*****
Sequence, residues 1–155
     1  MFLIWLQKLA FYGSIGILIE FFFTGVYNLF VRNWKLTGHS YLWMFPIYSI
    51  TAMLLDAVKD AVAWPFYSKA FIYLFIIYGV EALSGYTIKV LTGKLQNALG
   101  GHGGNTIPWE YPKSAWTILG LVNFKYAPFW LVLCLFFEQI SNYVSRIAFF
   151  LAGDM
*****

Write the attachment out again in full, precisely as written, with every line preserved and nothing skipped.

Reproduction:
Sequence, residues 1–155
     1  MFLIWLQKLA FYGSIGILIE FFFTGVYNLF VRNWKLTGHS YLWMFPIYSI
    51  TAMLLDAVKD AVAWPFYSKA FIYLFIIYGV EALSGYTIKV LTGKLQNALG
   101  GHGGNTIPWE YPKSAWTILG LVNFKYAPFW LVLCLFFEQI SNYVSRIAFF
   151  LAGDM